I suppose you do know this but I think it's also worth pointing out for clarity.

Also: as for what you need to know to start: even a casual inspection of things like the degree distribution and how it changes over time and across communities can lead to interesting insights. Sure, there's tons of high powered machinery and arcane theorems that can be deployed, but a bright highschool student can start to play around with this stuff find interesting things.
posted by SaltySalticid at 10:30 AM on March 17


Leskovic intended cs224w to be accessible to extremely technical PHD students and less technical folks. Uhh, given his background, he sort of failed at the less technical bit, but you can get an idea of what a crazy Stanford professor's idea of "less technical" network analysis looks like.

Don't use his package, go use networkx.

Clicking is great but not fun >5000 nodes >10000 edges. Real easy to get both, though.
posted by hleehowon at 10:36 AM on March 17


Yes networkx. Language-wise: If I were doing this from scratch, I'd probably use something like Gensim's doc2vec to get a reasonable data-driven vector representation of language by a user; any number of easy ways to get language similarity between any two user vectors.
posted by supercres at 12:20 PM on March 17


For teaching beginners, databasic.io's Connect The Dots is a fun introduction to network graph concepts.
posted by zamboni at 12:31 PM on March 17


Oh god. Thanks everybody. Some really helpful stuff here, can I hand out best answers willy-nilly to everybody?

So I think (if I surmise the journey with detours I'm going to look at here)

Making sense of the space - theory and courses
Zamboni suggests Connect The Dots to have a gentle introduction to network graph theory.
Hleehowon points to cs224w which is a course that pretends it isn't for technological overlords by Jure Leskovec (whose name kept popping up in this space).
Needled points to Coursera which offers a free-without-certification course Applied Social Network Analysis in Python, which is module 5 in their 'Applied Data Science with Python' (they suggest you're familiar with some of the earlier modules first).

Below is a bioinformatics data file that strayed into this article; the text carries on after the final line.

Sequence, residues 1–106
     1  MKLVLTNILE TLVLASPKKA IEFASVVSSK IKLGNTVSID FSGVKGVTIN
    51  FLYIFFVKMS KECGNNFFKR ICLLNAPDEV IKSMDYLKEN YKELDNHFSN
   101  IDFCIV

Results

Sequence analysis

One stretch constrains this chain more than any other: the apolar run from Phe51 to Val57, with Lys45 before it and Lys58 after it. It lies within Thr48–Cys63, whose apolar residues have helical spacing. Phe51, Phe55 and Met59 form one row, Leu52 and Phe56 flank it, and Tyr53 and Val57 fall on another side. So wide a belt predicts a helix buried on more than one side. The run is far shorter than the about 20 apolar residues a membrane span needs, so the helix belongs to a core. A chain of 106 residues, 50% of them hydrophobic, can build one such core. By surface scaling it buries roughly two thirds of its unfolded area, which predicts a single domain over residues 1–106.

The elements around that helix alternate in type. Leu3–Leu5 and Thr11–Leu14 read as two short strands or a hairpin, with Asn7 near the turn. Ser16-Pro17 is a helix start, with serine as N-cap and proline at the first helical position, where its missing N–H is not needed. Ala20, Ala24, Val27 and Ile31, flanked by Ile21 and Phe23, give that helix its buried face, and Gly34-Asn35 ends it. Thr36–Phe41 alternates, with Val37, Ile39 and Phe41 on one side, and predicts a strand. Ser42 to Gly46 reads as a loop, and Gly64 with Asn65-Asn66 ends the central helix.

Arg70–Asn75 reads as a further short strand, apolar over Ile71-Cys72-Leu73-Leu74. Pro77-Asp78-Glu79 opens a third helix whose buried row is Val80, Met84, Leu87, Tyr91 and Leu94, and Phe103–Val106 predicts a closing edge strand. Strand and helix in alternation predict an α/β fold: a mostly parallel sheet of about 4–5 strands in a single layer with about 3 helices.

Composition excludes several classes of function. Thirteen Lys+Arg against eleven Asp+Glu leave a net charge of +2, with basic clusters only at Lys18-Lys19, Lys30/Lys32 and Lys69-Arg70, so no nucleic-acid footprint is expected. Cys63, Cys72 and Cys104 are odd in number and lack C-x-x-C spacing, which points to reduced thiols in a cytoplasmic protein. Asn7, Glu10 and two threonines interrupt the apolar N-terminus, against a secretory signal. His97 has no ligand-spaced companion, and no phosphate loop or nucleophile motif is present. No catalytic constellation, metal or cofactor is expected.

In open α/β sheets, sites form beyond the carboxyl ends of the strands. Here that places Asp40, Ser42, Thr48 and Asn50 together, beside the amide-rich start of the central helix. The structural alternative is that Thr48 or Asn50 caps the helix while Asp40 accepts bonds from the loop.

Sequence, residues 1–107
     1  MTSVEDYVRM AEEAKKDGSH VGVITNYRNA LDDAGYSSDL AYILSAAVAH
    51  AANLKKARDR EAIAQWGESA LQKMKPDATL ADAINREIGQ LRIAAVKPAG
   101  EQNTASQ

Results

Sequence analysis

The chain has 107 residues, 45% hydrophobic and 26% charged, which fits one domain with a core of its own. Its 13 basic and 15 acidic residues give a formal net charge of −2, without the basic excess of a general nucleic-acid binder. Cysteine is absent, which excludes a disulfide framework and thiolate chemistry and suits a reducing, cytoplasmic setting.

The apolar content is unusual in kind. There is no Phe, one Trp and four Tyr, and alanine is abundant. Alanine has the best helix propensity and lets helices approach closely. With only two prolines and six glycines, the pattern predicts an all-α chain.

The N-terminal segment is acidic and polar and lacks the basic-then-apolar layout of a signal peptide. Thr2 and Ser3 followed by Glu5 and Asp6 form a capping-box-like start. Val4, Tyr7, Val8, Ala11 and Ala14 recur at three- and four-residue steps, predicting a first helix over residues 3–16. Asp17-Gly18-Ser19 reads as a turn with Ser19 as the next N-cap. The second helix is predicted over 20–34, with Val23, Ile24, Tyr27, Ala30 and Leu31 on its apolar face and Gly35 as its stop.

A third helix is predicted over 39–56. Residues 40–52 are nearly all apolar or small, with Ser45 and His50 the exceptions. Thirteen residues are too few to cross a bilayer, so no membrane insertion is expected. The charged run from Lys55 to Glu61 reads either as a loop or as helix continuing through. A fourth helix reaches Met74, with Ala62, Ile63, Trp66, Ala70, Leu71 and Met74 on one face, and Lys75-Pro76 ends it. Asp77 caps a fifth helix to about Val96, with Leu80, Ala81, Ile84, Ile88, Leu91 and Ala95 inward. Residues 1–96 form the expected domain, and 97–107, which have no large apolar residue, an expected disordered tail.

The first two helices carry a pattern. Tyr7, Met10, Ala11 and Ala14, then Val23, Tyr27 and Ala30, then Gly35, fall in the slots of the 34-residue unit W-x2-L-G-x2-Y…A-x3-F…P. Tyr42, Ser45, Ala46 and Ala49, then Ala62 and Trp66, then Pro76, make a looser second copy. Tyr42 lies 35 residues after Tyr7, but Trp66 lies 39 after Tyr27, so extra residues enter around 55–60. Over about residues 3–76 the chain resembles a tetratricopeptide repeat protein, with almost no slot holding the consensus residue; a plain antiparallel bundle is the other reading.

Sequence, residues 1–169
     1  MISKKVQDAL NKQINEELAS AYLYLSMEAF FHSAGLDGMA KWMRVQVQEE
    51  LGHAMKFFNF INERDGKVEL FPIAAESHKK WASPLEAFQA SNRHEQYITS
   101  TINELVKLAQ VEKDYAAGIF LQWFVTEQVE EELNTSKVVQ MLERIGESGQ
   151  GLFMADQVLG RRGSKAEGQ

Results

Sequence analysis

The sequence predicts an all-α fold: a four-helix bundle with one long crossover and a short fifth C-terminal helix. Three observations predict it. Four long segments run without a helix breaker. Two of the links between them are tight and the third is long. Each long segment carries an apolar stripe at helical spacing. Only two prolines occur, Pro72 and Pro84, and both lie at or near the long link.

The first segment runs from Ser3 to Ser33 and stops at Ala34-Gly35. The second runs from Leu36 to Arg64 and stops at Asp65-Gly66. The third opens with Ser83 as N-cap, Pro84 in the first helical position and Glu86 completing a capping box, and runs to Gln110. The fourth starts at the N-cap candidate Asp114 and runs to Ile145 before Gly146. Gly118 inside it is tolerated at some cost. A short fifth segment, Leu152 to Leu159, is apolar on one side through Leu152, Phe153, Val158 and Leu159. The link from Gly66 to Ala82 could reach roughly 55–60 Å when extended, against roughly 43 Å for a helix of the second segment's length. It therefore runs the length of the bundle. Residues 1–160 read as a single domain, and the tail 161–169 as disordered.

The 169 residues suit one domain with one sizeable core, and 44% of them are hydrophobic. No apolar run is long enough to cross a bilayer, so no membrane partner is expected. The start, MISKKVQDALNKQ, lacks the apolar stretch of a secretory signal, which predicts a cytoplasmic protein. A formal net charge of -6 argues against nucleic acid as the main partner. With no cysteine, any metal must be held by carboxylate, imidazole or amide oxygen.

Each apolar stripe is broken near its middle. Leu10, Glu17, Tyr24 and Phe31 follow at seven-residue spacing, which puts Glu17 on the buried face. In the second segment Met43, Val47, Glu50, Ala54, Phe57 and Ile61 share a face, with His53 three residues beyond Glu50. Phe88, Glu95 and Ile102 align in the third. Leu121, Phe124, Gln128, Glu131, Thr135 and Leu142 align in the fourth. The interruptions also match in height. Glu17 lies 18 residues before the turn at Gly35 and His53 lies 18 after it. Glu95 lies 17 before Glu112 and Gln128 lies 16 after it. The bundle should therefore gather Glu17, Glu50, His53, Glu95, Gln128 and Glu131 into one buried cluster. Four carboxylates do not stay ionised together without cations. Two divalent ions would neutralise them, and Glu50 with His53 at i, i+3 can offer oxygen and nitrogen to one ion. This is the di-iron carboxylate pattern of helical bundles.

Python toolkits and frameworks
networkx, as suggested by Hleehowon and supercres, seems to be the clear winner in this space, as it's well-documented, reasonably data neutral, and python.
igraph, as suggested by thrungva, is available for Python, c++, and R, which offers some portability perks for grown-ups that may need such things (me, I'm happy I can pip install networkx on OSX without admin rights and make it available to Max/MSP through the Py/PyEXT modules)

Graph-tool popped up too, which doesn't seem as widespread, but may be of interest to people crunching larger datasets due to being a native c implementation (SHOOT ME DOWN IF I'M TALKING unicodepoopemoji) #speculation

Low-commitment starting playgrounds
Rachelpapers points to Kumu as a very-low-barrier-to-entry option, a hosted platform with nothing to install and demo datasets to poke around with immediately.

Language analysis
I nearly wrote lexical there and realised I was out of my depth. Supacres suggests Gensim is a python library for "generating similar(ity)" amongst documents and corpuscles (did I use that right? :) As a python library, this fits nicely into my intended toolkits. doc2vec as a layer to generate maths numbers out of text for further analysis (... good, they're using 'bags of words' as a technical term!)

For those cleverer than I
thrungva and Saltsalticid suggest R as a good platform for this kind of analysis, with statnet a great suite of tools for Social Network Analysis

Magic Words and incantations
"degree distribution", "Social Network Analysis", "SNA", "Graph Theory". Suppose I should add these as tags for future discoverability.

Thanks everybody - I'm paralysed trying to think of who gets a 'best answer' here. Do I give them to everybody or is my mastication and regurgitation of everybody's great answers here a better gift to give back? It may help others going down the same fraught journey.
posted by davemee at 4:27 AM on March 18


Diestel's a grad-level text and doesn't pull its punches, FWIW, so it moves quick and gets esoteric. It's a great survey of the principal tools and results of graph theory but it's not really meant to be an introductory text for laypeople.

There seem to be few undergraduate or nonacademic texts which provide a gentle introduction specifically to graph theory (it usually gets folded into a chapter or two in a more general discrete-math-oriented text) Robin Wilson's Introduction to Graph Theory is quite approachable; Doug West's text of the same name is also good.

Admittedly, the basic principles of graph theory are a long ways from the modeling and analysis techniques used on social networks, so if you either want a pop-science appreciation of the field, or a knowledge of algorithms without too much of the underlying theory, studying introductory graph theory may not get you to where you're trying to go.
posted by jackbishop at 6:00 AM on March 18